The neuroscientific research on the early brain is one of the most compelling bodies of evidence for investing in young children. Conveying this message broadly is critical to building support for early childhood policies and programs. Yet it can be difficult to find experts to speak on this topic, or for lay speakers to convey the findings on their own. To address this challenge, ReadyNation, with the help of the Center on the Developing Child at Harvard University, offers a variety of ways for lay speakers to present this data. More information is on the New Mexico Early Childhood Community web site.http://bit.ly/NmWtbB
Associated Press (NM)
NM seeks $25 million in early childhood programs
The state of New Mexico is seeking $25 million from the federal government for tracking data on early childhood programs, creating standards for preschools and helping to develop new programs in needy areas. …Some specifics outlined in New Mexico's initial application--which is subject to change--propose creating areas in communities with many at-risk students and community-wide desire for change.
Read full article.
W.K. Kellogg Foundation Awards $771,000 Grant to UNM College of Education’s Family Development Program
The Family Development Program in the University of New Mexico’s College of Education has initiated a new project titled, Circles of Support, a major system-building initiative strategically designed to build a strong foundation for early childhood education within a community school, aimed at closing the achievement gap for vulnerable children
Phase I as a year-and-a-half long (Jan. 2012 – July 2013) project is funded by a grant of more than $771,000 grant from the W.K. Kellogg Foundation.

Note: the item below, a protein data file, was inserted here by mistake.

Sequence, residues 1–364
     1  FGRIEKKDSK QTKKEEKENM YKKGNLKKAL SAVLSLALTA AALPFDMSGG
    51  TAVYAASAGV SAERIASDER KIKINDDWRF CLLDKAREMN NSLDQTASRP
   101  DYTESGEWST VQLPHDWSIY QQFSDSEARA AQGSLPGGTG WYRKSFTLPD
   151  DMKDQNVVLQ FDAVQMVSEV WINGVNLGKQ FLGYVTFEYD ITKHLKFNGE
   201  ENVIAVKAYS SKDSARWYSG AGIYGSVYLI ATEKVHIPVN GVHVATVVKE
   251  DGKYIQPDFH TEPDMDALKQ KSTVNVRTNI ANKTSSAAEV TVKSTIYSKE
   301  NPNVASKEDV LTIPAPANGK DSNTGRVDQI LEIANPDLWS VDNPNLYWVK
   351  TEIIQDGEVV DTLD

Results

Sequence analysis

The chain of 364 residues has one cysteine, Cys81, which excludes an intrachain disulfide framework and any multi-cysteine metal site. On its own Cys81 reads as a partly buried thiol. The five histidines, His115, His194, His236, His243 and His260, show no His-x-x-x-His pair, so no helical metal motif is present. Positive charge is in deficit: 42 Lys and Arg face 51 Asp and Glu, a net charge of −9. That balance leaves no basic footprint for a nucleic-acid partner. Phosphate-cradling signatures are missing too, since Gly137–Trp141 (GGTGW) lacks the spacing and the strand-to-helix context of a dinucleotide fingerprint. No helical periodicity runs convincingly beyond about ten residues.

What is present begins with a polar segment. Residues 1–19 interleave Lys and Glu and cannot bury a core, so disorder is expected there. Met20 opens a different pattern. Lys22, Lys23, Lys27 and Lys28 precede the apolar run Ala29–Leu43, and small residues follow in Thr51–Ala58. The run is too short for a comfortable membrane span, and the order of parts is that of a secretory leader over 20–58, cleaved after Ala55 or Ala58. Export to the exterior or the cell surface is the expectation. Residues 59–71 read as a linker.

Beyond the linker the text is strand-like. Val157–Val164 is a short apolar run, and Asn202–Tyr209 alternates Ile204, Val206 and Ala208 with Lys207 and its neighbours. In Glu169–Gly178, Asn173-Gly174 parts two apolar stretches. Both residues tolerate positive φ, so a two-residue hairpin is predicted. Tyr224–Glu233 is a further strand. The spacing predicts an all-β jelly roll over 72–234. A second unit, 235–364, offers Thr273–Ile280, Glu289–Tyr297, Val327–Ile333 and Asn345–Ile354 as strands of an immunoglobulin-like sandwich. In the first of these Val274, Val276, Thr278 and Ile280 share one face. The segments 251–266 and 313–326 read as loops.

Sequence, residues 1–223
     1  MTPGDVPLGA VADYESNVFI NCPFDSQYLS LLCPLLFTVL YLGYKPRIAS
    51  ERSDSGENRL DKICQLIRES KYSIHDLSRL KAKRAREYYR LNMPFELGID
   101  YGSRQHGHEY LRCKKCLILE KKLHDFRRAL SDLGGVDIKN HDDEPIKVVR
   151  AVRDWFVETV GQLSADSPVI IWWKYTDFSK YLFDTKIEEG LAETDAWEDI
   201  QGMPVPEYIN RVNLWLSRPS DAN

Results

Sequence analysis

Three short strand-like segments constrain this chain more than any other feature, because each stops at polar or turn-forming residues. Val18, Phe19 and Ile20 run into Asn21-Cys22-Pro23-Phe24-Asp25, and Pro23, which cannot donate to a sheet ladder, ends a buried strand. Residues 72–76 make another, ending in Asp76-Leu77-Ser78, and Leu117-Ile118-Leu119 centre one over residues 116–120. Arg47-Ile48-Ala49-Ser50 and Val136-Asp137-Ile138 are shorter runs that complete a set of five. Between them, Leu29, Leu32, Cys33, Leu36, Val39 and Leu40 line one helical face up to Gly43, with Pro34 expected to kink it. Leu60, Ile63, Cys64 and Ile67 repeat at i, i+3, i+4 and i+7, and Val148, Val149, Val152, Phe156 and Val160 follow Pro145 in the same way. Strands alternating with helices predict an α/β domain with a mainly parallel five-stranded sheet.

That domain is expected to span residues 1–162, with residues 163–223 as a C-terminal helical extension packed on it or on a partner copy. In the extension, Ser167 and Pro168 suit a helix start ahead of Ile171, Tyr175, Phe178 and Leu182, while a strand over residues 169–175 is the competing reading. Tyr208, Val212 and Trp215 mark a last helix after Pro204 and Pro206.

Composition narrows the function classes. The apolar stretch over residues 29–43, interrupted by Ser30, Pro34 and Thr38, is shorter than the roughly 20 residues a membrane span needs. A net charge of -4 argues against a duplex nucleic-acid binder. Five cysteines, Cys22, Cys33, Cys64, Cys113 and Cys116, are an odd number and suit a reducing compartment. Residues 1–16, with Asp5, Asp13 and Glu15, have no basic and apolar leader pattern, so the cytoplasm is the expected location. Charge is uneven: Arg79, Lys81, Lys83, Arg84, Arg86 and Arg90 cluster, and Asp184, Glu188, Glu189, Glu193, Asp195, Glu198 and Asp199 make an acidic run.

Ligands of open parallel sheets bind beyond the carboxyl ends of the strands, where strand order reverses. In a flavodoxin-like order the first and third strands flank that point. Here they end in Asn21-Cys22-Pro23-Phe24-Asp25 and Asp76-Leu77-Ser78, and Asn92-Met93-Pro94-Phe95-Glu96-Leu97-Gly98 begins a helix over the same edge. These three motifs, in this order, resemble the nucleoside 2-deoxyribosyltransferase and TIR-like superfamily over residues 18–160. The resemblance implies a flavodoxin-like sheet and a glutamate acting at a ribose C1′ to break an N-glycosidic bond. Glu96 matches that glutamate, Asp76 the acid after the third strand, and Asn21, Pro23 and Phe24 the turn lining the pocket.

A yearlong Circles of Support project planning phase was also funded by W.K. Kellogg for more than $465,000, bringing the total support for Circles of Support from W.K. Kellogg to $1.236 million.
“Circles of Support provides outreach services at both a system-wide and place-based neighborhood level to address inequities for children and their families that compromise children’s success in school,” said Lois Vermilya, program director, Family Development Program.
The Circles of Support project provides comprehensive professional development for Mind in the Making through integration of seven essential skills (7ES) for school readiness and academic success. FDP works closely with the ABC Community Schools Partnership (ABC) and the Early Childhood Accountability Partnership (ECAP), a network group of early childhood leaders who represent multiple disciplines and programs serving Bernalillo County, who together are developing collective impact strategies to align investments for underserved children and their families. FDP has also partnered with ABC, local school leadership and ECAP to focus attention on a continuum of early learning, birth into elementary school, adding value to strategic goals of ABC as a collaborative investment.
“The goal of the Family Development Program (FDP) is to build authentic relationships throughout the community that engender a shared knowledge of the science of early learning with an emphasis on play as how children naturally learn,” said Vermilya.
The project serves three target areas of high poverty in Albuquerque including the Southwest Mesa, South Valley and International District neighborhoods. During the planning phase of the project from June 2010 to Aug. 2011, FDP developed four trusted relationships with targeted community schools including Helen Cordero Primary, Pajarito Elementary, La Mesa Elementary and Manzano Mesa Elementary Schools.